Securing Your Information Systems

Five Steps for Securing Your School's Information Systems and Networks

Protecting the employee, student / parent, proprietary, and tax information your business receives, creates, uses, or stores is called information security. Various threats could jeopardize that information. These threats can be accidental or intentional and include:

  • Environmental factors – fire, water, tornado, earthquake, etc.
  • Business resources – equipment failure, supply chain disruption, employees, etc.
  • Hostile actors – hackers, hacktivists, criminals, nation-state actors, etc.

“Cyber risk framework” lays out a five-step process to managing cyber security risks.

1. IDENTIFY and control who has access to your business information.

  • List all of the information your business stores or uses. Have employees list the information they use in their regular activities. Determine its value and what would happen to your business if you or your customers couldn’t access it.
  • Be aware of who can access your business. Unauthorized persons who have physical access to your computers can steal private or sensitive information. This includes computer or network repair personnel, cleaning crews, and maintenance personnel. No unrecognized person should be able to enter your office space without being questioned by an employee.
  • Physically lock up laptops and other mobile devices when not in use. Use the session lock feature included with many operating systems, which locks the screen if the computer is not used for a specified time period. Use a privacy screen or position each computer’s display so people walking by cannot see what’s on the screen.
  • Conduct background checks on prospective employees. Do a full, nationwide criminal background check, sexual offender check, and, if possible, a credit check, especially if the person will be handing your business funds. Request one directly from the FBI or an FBI-approved agency.
  • Require individual user accounts for each employee. Set up a separate account for each user, including contractors needing network access, and require that strong, unique passwords be used. Ensure that all employees use computer accounts without administrative privileges to perform typical work functions.
  • Create information security policies and procedures.
      • Policies should clearly describe your expectations for protecting your information and systems.
      • Employees should sign a statement noting that they have read the policies and relevant procedures and will follow them.
      • Policies and procedures should be reviewed and updated at least annually and whenever there are changes in the organization or technology.

2. PROTECT information to limit or contain the impact of a potential or actual cybersecurity event.

  • Limit employee access to data and information.
  • Install surge protectors and uninterruptible power supplies (UPS).
  • Patch your operating systems and applications.
  • Install and activate software and hardware firewalls on all of your business networks.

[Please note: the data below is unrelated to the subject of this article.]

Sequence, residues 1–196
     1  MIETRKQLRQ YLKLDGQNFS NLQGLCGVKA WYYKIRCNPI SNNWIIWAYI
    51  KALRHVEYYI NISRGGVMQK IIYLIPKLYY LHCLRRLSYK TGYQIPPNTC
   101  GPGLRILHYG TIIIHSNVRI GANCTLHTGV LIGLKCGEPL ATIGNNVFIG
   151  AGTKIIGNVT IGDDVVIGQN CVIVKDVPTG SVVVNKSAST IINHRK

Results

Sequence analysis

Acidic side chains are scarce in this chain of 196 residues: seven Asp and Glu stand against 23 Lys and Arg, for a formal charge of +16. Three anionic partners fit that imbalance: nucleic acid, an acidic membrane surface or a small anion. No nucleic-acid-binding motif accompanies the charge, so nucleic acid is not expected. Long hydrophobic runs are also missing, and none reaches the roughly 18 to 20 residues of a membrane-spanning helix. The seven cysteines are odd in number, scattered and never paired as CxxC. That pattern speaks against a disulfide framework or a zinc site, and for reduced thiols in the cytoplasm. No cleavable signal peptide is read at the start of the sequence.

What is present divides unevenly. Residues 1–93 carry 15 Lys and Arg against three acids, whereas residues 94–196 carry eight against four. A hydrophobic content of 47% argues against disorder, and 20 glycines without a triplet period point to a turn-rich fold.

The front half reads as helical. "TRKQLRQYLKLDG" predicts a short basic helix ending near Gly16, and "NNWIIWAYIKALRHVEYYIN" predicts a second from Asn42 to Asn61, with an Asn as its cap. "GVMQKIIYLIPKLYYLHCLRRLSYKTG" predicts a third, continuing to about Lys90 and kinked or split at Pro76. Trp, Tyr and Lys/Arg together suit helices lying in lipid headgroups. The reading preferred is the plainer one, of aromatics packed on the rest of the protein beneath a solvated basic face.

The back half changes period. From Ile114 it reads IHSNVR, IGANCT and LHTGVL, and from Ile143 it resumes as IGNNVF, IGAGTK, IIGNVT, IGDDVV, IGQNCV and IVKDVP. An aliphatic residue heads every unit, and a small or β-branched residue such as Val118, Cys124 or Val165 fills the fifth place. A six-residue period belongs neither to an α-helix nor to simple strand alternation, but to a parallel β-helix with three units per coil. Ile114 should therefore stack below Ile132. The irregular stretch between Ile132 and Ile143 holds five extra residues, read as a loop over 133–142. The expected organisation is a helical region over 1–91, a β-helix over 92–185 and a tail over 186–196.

• Secure your wireless access point and networks.
  • Set up web and email filters.
  • Use encryption for sensitive business information.
  • Dispose of old computers and other equipment containing important information properly.
  • Train employees on:
    • what they are and are not allowed to use business computers and mobile devices for;
    • how they are expected to treat customer or business information, such as whether they can take that information home with them;
    • what to do in case of an emergency or security incident; and
    • basic practices as contained in the RESPOND section below.

3. DETECT

  • Install and update anti-virus, spyware, and other malware programs.
  • Maintain and monitor logs. Protection/detection hardware or software (e.g., firewalls, anti-virus) often has the capability of logging activity. Check the operating manual for instructions on enabling this functionality. Logs can be used to identify suspicious activity and will be valuable during investigations.
  • Back up logs for at least one year. Some information will require longer backup.

4. RESPOND

  • Develop a plan for disasters and information security incidents. These are actions you will take in case of a fire, medical emergency, burglary, or natural disaster.
  • The plan should include the types of activities that constitute an information security incident, roles and responsibilities, what to do with your information and information systems in case of an incident, and who to call in case of an incident.

5. RECOVER

  • Make full backups of important business data.
  • Make incremental backups of important business data.
  • Consider cyber insurance.
  • Make improvements to processes, procedures, and technologies.
  • Many incidents can be prevented by practicing safe and secure business habits such as paying attention to the people you work with and around, being careful of email attachments and web links, and not clicking a link or opening an attachment that you were not expecting. In addition, use separate personal and business computers, mobile devices, and accounts, and do not connect personal or untrusted storage devices or hardware to your computer, mobile device, or network. Finally, do not give out personal or business information, and use caution and follow company rules about downloading software.

Information in this document is an adaptation of a U.S. Department of Commerce publication, Small Business. 
Information Security: The Fundamentals.